John T. Platts and his Monumental Urdu-English Dictionary

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Rauf Parekh

It is generally believed that orientalists—especially the Europeans who worked on Urdu language, grammar and dictionaries—had an ulterior motive and they had worked to help succeed colonial designs. But some scholars, such as Shanul Haq Haqqee, have a different view.

Haqqee sahib once wrote that “the impression that the interest the British lexicographers had in the Urdu language and in compiling Urdu dictionaries was just because of the administrative and political expedience is not correct. We must acknowledge their scholarly and academic interest and true love of the language”.

One feels that some western scholars might have had political or religious considerations, such as preaching Christian beliefs or helping the British to rule the subcontinent effectively, but we have to admit that European scholars were the ones who wrote some earliest books on Urdu grammar as well as some earliest Urdu dictionaries.

While we cannot totally rule out the ‘other’ motives, it is a fact that these foreigners paved the way for the works on the Urdu language that followed. It was their contribution which not only showed the local scholars the way, but also ensured that some of the earlier vocabulary and old patterns of the language were preserved. Among these scholars who played a very important role in strengthening the tradition of dictionary-writing in Urdu was John T. Platts. The hard work and research that have gone into Platts’ dictionary prove that his motive was purely academic and linguistic. His A dictionary of Urdu, classical Hindi and English, first published in 1884, is a landmark in the history of Urdu lexicography and it surpasses the works of all his predecessors as it is based on research and back-breaking hard work.

Although Platts has benefited from his predecessors, especially John Shakespear’s work A dictionary: Hindustani and English, first published in 1817, he has not followed the earlier lexicographers blindly and has improved upon their works. He knew Sanskrit, Urdu and Hindi quite well, as is evident from his book A Grammar of Hindustani or Urdu Language, and has taken full advantage of his study. But Platts’ own research indeed enriched the dictionary, as he says in his preface to the dictionary: “I have for many years been engaged in the study of Urdu and Hindi books (in prose and verse) and newspapers with the view of collecting words and phrases for the work. I have thus been enabled, not only to verify most of the words given in the dictionaries of [John] Shakespear and others, but to supplement them with thousands of new words and phrases and additional meanings of the words. Moreover, a long residence in India made me acquainted with much of the living colloquial language not found in dictionaries, which I was careful to note”.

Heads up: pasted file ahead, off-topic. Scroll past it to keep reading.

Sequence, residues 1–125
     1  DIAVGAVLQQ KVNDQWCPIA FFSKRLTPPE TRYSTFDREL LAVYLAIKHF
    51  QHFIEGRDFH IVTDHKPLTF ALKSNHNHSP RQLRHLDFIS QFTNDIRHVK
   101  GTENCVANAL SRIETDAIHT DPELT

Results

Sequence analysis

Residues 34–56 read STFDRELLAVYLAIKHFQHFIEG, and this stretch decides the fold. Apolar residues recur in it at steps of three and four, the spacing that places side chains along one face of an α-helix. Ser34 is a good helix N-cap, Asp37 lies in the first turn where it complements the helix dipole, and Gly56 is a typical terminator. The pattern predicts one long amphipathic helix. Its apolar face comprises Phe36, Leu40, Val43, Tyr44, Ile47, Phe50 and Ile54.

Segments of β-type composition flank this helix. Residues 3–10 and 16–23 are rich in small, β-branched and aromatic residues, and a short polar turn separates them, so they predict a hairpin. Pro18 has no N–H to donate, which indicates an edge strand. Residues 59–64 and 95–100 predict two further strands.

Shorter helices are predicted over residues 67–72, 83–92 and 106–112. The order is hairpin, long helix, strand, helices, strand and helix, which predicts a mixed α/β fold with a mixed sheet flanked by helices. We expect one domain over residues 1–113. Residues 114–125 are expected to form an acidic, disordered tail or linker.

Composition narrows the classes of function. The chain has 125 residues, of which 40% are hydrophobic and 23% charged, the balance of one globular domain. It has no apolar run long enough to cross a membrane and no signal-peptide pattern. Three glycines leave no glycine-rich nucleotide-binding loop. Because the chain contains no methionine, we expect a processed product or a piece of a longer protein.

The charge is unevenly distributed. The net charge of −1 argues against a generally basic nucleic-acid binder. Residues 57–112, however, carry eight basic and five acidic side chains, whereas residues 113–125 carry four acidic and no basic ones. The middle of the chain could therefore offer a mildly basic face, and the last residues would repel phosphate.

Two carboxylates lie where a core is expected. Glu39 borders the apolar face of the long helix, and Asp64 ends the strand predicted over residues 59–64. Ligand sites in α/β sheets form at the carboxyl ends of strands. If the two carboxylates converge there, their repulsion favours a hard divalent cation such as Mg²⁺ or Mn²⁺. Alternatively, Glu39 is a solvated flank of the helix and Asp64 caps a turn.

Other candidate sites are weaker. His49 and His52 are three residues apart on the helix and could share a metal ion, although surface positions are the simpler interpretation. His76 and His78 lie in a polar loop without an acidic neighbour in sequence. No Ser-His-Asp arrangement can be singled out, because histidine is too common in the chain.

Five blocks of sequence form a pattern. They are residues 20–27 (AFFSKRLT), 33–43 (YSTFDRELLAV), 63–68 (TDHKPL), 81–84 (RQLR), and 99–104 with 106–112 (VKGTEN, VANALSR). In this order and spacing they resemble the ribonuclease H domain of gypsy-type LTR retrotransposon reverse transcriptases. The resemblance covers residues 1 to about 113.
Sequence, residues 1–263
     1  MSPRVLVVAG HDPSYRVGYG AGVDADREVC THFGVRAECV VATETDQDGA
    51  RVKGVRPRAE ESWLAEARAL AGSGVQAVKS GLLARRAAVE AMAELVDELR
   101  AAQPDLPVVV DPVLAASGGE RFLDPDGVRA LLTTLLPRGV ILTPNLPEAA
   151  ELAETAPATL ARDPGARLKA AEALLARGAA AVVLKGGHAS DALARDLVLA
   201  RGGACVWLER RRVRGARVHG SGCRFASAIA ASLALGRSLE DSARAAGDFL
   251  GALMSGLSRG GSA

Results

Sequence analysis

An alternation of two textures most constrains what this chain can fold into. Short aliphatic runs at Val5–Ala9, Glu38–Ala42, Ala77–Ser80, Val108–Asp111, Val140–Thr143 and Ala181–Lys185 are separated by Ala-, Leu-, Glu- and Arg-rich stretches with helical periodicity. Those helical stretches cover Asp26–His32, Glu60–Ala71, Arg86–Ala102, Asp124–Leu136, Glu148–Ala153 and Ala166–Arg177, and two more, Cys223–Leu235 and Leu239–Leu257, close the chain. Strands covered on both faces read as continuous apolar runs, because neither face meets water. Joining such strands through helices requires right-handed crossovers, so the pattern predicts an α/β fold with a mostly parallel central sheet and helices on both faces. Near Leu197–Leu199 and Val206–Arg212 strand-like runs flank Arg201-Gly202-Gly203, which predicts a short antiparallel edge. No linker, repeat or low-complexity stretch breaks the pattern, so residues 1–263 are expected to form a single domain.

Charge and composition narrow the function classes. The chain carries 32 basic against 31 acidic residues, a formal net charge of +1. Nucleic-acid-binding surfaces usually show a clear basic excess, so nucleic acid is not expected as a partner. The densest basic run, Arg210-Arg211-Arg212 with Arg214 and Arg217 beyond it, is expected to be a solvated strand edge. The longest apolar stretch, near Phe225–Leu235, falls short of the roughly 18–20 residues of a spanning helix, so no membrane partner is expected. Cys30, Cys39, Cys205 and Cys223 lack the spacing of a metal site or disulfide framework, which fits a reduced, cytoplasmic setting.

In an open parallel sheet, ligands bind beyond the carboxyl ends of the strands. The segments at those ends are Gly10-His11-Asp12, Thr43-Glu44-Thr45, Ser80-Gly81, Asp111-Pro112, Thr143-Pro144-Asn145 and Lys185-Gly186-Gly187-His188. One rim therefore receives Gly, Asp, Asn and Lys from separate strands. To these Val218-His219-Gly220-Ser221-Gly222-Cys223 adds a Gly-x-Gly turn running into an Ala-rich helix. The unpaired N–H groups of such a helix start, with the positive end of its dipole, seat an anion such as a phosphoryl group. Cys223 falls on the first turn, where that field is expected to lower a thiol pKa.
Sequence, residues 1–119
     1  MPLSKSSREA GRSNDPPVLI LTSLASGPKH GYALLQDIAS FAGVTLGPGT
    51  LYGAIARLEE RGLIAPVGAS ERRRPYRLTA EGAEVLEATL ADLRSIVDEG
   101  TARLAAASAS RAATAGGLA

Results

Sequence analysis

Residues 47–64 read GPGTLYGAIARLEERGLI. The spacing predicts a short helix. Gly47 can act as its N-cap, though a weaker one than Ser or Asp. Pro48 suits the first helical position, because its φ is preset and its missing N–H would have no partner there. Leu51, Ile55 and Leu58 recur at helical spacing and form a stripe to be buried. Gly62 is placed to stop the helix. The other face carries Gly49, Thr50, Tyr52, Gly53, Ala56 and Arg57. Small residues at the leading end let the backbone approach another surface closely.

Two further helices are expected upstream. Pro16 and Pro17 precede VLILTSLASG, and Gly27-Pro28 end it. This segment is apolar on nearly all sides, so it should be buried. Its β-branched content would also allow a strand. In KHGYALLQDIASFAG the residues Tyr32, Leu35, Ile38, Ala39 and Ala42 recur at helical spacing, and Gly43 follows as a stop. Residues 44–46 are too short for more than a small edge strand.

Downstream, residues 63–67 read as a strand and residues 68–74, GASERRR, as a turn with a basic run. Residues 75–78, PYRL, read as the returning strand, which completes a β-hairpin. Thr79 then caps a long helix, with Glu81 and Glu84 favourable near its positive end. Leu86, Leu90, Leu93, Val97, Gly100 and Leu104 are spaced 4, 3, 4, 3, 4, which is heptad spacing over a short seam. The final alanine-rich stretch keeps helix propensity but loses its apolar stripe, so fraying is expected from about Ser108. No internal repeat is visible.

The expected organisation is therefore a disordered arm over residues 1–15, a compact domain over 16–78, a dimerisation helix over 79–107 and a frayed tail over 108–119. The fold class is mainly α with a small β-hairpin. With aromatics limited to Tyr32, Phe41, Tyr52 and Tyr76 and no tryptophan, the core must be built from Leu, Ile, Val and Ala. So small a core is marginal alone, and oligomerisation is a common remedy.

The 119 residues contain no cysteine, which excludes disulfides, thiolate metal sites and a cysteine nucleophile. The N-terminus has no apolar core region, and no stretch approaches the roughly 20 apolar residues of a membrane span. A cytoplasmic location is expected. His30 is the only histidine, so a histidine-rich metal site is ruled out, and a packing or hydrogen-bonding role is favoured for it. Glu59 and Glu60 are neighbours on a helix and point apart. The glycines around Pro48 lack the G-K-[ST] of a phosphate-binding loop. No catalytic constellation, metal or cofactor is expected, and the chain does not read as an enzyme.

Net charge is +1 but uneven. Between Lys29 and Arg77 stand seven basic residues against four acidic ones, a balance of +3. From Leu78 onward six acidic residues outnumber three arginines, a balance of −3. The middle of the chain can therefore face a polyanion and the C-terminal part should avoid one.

But it is quite strange that little was known about this great lexicographer and whatever information we had was derived from C. E. Buckland’s Dictionary of Indian Biography. Luckily, in 1912, supplement of the famous Dictionary of National Biography, an article by George Speirs Alexander Ranking gave some important information about this great lexicographer of Urdu. Since there is little information available about John T. Platts, a brief life-sketch and some bibliographical information based on Ranking’s article must be reproduced here.

John Thompson Platts was born on August 1, 1830, in Calcutta (now Kolkata). When his father Robert Platts died, young Platts had to go back to England. He was educated in Bedford and came back to India. According to Buckland, during the 1857 war of independence, Platts was Inspector of Schools in the Central Province and had also served as Principal of Banaras College. But according to Ranking, during 1858-59 Platts taught mathematics at Banaras College and in 1859 he was made in-charge of the Saugor School (at that time Saugor, now Sagar, was a district in Jabalpur and it has now been made a district of Madhya Pradesh). In 1861, Platts was made a professor of mathematics and the head master. In 1864, Platts was transferred as assistant inspector of schools, North West Provinces. On March17, 1872, Platts opted for retirement on health grounds and went to England, where he settled in Ealing Borough and began teaching Persian and Urdu. Platts married twice. His first marriage took place in Lahore in 1856. His first wife, Alice Jane Kenyon, died in 1874. He was married to Mary Elizabeth, an Australian widow, in 1876. On June 2, 1880, Platts was appointed at Oxford University as professor of Persian. John T. Platts died all of a sudden on September 21, 1904, and was buried on September 26, in Wolvercote cemetery near Oxford.